Black Women Did That: The Need to Invest in the Civic Health of Black Women

Black Women Did That: The Need to Invest in the Civic Health of Black Women

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Black women are widely recognized as champions of democracy: turning out and organizing massive numbers of people amidst the COVID-19 pandemic. Their arduous labor did not solely increase turnout–it also reinvigorated the spirit of democracy in communities that policymakers and governing bodies often neglect.

From the work of Stacey Abrams, Latosha Brown, Nse Ufot, and countless other organizers, Black women were overwhelmingly credited for their extraordinary and monumental efforts to engage, educate, and activate Black voters. Along with the recognition of Black women organizers, the nation elected our first Black and South Asian woman vice-president–cementing Black women’s efforts to uphold American democracy in history.


This report, Black Women Did That: The Need to Invest in the Civic Health of Black Women in America seeks to expand current discourse concerning Black women’s civic participation. Additionally, it provides policy recommendations to improve educational, economic, and health outcomes for Black women.

Black Girls Vote is producing this report to underscore the role Black Women play in our civic life and to recommend policy changes to address Black women’s unique needs. Our motivation for publishing these findings is rooted in our commitment to supporting Black women as they utilize their vote as their voice. We hope that this report further encourages those committed to community empowerment and social betterment to uplift Black women’s civic efforts. As the 2020 election demonstrated, an investment in Black women’s advancement leads to society’s amelioration as a whole.

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Key Findings

Black women have high voter registration and voting rates. However, they fall behind in non-electoral participation, such as providing campaign donations, attending school board meetings, or calling public officials. Oftentimes calls to lobby elected officials, attend events and public meetings to advocate ignore that Black women may have other responsibilities and lack time to commit to such activities.

Black women had the highest voting percentage in local elections in 2018 (56.4%), highlighting their commitment to making their voices heard at all governmental levels.

To a significant extent, Black women prioritize political knowledge acquisition and dissemination. 71.5% reported that they frequently read, watch, or listen to news about political, societal, or local issues.

“Black women are often credited with saving this country, but are forgotten about when it comes to our broader contributions to democracy,” said Nykidra Robinson, founder and CEO of Black Girls Vote. “We hope this report helps to illuminate that civic-engagement for Black women is in everything we do and encourages those in positions of power to make the necessary policy changes to make the future better for generations of Black women to come. When Black women win, we all do.”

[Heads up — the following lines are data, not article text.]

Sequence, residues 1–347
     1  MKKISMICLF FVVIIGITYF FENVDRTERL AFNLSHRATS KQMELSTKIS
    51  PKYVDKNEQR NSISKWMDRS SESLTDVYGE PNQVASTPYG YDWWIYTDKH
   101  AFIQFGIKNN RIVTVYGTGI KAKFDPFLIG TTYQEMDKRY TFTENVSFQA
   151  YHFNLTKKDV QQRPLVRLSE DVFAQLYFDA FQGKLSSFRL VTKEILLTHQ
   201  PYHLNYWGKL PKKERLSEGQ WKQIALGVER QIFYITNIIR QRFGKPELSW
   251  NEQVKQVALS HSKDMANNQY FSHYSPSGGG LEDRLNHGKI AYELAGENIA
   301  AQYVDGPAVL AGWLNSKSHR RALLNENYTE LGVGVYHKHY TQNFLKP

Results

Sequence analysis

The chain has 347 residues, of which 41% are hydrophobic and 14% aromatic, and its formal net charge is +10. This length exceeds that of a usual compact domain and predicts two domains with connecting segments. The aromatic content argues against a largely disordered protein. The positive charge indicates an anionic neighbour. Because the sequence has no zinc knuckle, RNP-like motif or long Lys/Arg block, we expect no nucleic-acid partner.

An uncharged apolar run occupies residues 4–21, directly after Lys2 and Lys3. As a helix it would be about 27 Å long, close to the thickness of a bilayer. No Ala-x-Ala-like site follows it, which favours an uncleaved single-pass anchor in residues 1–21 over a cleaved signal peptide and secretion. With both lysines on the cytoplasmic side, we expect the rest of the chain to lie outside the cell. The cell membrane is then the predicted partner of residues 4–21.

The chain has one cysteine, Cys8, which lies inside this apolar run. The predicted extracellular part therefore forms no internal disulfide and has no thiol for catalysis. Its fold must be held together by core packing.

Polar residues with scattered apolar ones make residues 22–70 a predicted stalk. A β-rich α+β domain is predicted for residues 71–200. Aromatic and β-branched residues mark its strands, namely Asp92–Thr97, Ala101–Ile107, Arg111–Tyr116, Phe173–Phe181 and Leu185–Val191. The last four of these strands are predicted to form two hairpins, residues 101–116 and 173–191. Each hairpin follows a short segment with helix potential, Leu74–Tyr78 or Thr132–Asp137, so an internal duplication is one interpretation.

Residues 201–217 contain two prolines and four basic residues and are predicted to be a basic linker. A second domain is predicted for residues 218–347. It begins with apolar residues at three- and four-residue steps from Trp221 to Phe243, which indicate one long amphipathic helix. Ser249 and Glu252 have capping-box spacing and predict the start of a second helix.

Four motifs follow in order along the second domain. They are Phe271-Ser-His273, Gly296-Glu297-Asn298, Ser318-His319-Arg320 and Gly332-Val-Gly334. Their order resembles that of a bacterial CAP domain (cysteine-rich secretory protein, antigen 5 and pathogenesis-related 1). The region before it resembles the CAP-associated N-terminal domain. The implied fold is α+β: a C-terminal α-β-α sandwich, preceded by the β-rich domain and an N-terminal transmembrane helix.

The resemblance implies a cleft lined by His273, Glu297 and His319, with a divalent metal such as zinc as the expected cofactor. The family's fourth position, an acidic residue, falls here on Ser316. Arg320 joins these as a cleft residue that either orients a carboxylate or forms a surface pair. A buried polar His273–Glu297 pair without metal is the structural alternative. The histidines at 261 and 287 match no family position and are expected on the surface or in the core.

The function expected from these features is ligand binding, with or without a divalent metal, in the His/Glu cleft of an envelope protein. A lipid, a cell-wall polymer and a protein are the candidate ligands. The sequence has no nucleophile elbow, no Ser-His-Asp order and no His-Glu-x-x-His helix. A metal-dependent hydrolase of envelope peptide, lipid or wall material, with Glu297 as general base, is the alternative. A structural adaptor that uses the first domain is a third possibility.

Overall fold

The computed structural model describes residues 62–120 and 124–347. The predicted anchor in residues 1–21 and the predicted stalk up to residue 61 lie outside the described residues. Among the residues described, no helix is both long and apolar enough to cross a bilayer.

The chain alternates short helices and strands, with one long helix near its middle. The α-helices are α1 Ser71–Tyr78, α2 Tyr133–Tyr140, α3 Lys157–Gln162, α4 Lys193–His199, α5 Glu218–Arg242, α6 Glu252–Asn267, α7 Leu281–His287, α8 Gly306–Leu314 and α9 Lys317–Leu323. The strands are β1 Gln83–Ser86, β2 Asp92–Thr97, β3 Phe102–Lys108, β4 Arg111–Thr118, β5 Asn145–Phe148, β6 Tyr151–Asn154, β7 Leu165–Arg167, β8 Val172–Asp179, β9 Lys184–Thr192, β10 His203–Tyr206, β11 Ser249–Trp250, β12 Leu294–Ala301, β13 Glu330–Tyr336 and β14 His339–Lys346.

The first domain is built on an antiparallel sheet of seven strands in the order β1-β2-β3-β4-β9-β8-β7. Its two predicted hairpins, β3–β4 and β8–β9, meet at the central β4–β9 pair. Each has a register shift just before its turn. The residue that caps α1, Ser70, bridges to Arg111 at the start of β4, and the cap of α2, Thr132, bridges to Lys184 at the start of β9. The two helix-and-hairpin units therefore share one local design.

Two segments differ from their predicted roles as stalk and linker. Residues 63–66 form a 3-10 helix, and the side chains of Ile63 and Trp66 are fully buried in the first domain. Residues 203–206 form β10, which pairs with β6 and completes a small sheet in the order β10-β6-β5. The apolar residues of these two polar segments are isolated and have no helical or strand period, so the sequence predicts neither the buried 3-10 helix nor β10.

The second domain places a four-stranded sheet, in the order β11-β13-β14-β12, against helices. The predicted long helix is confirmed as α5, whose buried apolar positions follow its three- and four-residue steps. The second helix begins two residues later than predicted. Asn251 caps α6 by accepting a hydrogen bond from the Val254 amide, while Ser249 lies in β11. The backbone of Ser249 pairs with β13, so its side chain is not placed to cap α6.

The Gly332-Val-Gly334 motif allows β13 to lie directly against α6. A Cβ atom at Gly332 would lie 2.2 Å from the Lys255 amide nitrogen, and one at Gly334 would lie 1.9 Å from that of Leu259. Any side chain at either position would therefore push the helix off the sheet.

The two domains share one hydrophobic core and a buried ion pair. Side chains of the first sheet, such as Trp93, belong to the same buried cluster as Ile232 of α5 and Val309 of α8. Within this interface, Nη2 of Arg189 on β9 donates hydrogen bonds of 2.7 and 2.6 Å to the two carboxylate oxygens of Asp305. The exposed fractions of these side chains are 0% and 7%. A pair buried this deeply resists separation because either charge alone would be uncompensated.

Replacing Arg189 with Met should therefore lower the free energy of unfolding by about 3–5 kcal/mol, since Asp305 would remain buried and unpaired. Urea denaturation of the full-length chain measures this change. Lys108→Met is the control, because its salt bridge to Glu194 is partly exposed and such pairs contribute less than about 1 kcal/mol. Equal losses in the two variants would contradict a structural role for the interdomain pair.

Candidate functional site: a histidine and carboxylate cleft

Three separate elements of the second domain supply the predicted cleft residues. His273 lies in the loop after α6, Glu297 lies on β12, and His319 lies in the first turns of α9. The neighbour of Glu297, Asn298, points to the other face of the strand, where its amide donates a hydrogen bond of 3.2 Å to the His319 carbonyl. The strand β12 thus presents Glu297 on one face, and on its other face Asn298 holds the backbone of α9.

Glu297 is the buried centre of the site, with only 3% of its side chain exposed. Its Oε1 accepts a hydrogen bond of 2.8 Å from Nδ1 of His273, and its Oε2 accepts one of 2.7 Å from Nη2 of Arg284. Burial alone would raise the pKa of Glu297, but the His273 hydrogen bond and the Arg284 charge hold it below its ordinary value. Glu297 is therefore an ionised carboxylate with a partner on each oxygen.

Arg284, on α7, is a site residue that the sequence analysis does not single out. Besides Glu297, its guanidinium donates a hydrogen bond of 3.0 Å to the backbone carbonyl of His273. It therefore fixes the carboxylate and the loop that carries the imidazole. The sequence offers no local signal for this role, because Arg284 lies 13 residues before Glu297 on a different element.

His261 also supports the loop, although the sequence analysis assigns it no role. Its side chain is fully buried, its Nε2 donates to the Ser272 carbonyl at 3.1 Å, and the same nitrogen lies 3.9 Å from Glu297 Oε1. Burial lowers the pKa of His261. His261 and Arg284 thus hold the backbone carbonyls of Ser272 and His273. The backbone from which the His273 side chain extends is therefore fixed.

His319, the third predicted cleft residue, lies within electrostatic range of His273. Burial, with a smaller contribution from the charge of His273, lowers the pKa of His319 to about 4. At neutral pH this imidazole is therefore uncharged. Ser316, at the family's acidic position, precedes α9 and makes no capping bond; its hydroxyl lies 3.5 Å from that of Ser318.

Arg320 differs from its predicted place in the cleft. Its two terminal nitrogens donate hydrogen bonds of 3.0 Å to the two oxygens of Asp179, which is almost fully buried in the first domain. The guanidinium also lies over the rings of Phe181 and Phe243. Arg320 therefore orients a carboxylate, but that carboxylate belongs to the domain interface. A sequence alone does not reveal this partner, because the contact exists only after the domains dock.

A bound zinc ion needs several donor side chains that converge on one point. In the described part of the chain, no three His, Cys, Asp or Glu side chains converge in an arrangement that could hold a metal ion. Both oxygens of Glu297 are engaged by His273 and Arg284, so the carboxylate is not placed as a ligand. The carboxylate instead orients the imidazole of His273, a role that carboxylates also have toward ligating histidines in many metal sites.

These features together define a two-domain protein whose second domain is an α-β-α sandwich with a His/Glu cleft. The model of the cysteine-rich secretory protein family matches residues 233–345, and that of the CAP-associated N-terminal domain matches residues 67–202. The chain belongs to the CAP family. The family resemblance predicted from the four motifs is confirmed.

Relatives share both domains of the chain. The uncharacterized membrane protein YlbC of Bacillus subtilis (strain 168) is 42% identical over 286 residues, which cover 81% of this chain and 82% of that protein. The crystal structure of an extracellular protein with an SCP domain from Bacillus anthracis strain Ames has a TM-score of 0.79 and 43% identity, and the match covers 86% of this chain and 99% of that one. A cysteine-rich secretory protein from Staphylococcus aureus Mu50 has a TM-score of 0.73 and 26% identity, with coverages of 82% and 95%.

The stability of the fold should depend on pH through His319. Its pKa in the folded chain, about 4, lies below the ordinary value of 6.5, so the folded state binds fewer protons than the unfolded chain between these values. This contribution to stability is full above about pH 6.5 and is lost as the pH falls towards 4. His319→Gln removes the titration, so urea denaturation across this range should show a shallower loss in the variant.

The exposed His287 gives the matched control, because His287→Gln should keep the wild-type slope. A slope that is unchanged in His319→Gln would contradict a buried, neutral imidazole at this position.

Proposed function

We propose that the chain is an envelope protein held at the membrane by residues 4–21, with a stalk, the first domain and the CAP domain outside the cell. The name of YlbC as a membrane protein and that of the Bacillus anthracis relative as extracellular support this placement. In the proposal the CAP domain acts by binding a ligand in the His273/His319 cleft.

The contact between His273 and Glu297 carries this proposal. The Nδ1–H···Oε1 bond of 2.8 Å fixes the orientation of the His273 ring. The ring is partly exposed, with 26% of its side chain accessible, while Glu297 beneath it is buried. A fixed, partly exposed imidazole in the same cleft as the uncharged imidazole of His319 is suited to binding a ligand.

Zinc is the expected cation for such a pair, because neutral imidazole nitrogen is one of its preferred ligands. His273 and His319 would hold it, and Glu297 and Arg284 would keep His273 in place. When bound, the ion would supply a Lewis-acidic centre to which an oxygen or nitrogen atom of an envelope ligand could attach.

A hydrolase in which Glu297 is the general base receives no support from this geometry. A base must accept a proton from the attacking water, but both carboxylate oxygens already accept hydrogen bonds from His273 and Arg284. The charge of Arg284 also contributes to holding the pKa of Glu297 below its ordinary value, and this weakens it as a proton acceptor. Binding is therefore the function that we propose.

Danielle Miles-Langaigne, a report author said, “The civic participation of Black women and girls extends far beyond their ability to cast a vote or engage politically. Their capacity to fully contribute to civil society also rests on other matters, such as their level of access to quality health resources–or their likelihood of being excluded from educational spaces. It’s time that Black women and girls are fully heard and holistically seen by the systems they are constantly investing in.”

“Black women have a long history of being at the forefront of civic engagement efforts in the United States, consistently advocating for better outcomes for their communities and fighting for the vote,” added Hoda Abdalla, report author. “This report reveals that it is time that they are not just thanked once every four years, but that America actually shows up for Black women in the way that Black women have consistently shown up for them. This means actually advocating for policies that address income and employment disparities, fatal health care outcomes, mounting student debt, and the many other disparities affecting Black women.”

An investment in the civic health of Black women also means an investment in the following policies:

Education: Implementing alternative disciplinary practices in schools, increasing research of the incidence and effects of disproportionate punitive discipline of Black girls, and investing in Black women’s access to postsecondary education through federal funding.

Economic Development: Prioritizing Black businesses in the nation’s economic recovery plan, undertaking a federal compensation audit of all private and public employers, and creating employment pipeline programs for Black women.

Healthcare: Improving the health of Black women by addressing disproportionate maternal mortality and breast cancer rates, expanding Medicaid access at the state and federal level, increasing data collection and research of Black women’s experiences with health care systems, and addressing the social determinants of health.